Ren Reynolds is organising a think tank on public policy formation for computer gaming & virtual worlds in London on the 24th of May. This seems to be ‘the issue’ of the year, doesn’t it? As Ludium is “Video Games and Public Policy” and I’m sure more are being organised.
I really enjoy the wording in this description:
“The danger that faces society is that policies are formed based on a lack
of understanding and popularized framing of computer games as simply
‘addictive’, ‘dangerous’ or the one secret to the future of education. Such
characterizations do not lead to sound policy formation.”
We should really start considering doing something like this in Norway as well – it’s time. Maybe the IGDA chapter could organise something? Or Medietilsynet? It’s definitely high time for a public discussion about this issue. We’re such a public policy nation – it’s weird that gaming politics is mainly about slot machines – but then again – maybe I’m just not getting it.
“You can’t put emotion into games. Games are just code, they just sit there – the emotion is in the player”
Huh…well this is interesting! The words were uttered by Margaret Robertson, Editor of Edge Magazine at the Edinburgh Interactive Entertainment Festival.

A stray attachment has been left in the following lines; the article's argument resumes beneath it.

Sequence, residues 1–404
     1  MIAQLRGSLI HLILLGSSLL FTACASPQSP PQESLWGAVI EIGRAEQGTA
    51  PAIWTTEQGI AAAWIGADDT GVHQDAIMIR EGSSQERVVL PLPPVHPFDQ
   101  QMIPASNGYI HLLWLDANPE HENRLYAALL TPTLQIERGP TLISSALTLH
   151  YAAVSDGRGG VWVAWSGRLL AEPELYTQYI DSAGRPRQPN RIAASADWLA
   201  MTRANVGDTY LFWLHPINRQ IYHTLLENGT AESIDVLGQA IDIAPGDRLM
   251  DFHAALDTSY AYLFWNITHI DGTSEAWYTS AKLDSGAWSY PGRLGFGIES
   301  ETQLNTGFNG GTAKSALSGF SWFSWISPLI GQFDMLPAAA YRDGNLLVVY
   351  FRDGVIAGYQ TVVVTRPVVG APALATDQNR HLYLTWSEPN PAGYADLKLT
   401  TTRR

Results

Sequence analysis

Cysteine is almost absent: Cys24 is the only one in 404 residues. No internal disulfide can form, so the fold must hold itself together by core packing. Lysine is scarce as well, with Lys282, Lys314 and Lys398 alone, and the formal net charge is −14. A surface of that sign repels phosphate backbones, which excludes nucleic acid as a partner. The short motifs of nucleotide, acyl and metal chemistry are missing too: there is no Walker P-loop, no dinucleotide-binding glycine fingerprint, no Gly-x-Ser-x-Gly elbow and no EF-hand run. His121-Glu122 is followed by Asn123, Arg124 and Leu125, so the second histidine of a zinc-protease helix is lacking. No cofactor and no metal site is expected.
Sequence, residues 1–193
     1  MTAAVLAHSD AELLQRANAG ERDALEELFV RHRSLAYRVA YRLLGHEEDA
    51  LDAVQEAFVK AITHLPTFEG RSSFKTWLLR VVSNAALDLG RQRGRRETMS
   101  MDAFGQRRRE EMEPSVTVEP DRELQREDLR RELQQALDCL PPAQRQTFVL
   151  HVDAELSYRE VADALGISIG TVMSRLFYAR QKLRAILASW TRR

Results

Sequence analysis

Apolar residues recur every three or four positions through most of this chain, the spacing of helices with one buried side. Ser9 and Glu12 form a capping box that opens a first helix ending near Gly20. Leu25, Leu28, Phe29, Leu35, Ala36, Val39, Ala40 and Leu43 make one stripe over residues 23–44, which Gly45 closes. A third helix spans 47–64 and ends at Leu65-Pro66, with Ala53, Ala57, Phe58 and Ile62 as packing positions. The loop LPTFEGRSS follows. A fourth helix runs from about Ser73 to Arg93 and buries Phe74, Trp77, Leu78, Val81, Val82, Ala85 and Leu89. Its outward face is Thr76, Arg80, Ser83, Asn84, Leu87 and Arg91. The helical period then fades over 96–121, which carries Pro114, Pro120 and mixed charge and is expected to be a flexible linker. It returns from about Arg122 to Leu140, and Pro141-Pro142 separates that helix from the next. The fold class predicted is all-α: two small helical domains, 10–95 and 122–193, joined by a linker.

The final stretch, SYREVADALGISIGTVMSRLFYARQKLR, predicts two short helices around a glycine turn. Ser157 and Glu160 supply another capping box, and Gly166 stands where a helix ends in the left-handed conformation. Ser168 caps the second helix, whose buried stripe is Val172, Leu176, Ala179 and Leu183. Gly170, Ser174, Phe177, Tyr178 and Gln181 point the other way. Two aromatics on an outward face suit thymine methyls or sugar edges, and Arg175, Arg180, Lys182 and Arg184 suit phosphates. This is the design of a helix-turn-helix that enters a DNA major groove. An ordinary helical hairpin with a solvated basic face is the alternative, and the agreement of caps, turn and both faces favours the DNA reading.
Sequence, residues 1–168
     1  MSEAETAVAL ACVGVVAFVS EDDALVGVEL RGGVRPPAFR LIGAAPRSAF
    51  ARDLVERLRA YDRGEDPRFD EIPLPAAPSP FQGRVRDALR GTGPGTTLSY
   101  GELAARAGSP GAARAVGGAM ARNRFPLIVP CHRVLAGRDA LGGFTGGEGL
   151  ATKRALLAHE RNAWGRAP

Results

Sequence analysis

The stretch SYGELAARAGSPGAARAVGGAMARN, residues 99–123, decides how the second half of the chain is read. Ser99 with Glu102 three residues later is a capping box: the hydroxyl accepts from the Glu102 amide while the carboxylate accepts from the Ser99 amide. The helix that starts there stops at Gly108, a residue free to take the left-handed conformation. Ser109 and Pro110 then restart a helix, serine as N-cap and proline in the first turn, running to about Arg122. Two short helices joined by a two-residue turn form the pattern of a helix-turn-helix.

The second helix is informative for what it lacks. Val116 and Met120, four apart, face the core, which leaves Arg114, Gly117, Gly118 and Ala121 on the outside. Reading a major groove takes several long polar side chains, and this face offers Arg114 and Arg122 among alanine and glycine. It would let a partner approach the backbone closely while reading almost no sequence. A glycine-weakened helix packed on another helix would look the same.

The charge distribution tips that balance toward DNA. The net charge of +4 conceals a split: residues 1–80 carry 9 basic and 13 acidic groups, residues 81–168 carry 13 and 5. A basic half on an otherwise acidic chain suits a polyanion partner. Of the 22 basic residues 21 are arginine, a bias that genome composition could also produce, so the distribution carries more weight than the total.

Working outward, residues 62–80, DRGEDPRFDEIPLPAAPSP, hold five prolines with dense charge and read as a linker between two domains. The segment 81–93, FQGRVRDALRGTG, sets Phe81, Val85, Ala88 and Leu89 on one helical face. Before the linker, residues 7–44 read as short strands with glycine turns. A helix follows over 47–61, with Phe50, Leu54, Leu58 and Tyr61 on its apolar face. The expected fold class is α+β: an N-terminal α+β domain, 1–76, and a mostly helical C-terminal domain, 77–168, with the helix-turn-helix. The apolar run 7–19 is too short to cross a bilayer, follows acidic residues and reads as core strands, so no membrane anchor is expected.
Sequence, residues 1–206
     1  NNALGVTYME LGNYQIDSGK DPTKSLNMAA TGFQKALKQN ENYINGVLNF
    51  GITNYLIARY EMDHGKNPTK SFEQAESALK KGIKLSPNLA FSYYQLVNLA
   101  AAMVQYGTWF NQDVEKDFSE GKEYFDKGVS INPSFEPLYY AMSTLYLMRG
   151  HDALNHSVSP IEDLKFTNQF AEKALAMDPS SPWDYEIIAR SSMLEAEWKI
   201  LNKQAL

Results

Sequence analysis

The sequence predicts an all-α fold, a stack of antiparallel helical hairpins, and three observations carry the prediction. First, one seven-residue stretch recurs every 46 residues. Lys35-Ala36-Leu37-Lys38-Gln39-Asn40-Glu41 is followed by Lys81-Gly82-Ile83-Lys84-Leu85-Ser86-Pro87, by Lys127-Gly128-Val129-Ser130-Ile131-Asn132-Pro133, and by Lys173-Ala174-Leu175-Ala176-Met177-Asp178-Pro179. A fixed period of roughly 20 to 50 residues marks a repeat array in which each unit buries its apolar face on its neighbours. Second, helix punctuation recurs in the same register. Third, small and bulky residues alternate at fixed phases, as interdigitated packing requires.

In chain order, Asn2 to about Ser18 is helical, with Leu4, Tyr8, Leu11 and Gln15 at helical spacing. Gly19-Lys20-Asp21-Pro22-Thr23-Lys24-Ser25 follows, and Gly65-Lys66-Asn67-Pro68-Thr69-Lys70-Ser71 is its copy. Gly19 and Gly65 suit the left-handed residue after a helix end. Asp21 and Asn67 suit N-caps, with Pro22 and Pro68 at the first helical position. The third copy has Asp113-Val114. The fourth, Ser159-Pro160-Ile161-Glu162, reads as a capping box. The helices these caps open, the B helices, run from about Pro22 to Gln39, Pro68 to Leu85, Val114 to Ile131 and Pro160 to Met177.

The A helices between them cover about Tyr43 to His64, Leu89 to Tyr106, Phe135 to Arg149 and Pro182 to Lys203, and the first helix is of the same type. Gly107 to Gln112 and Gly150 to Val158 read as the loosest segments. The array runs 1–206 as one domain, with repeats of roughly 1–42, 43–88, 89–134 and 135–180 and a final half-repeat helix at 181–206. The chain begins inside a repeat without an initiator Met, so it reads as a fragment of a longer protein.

She had an interesting observation on the Final Fantasy issue (you know…the ‘games that make you cry’ issue). In Ren Reynolds‘ Gamasutra write up of her talk:
“The popular theory about why Final Fantasy is emotionally engaging, Robertson explained, is that it’s because of the story, but she added: “No one can ever remember what the story was”. What people do remember are individual characters and the impact their stories have on us as players. An example of this is the character of Vivi, who experiences an emotional rollercoaster near the end of the game.
With Vivi, “…you always had the sense that something tragic was about to happen” Robertson said, but it is important to understand the events in the context of played experience. When we are hit with the revelations about the character the player has probably been with the game for 20 hours or so, usually spread over weeks. In this case, Robertson said ‘it’s not emotional sophistication, it’s attrition’.”
She provides some fabulous examples of emotions and games, even where they seem unlikely, such as Ouendan – and does a fairly convincing argument that “One thing that is often overlooked is that making someone cry can be a mechanical process”.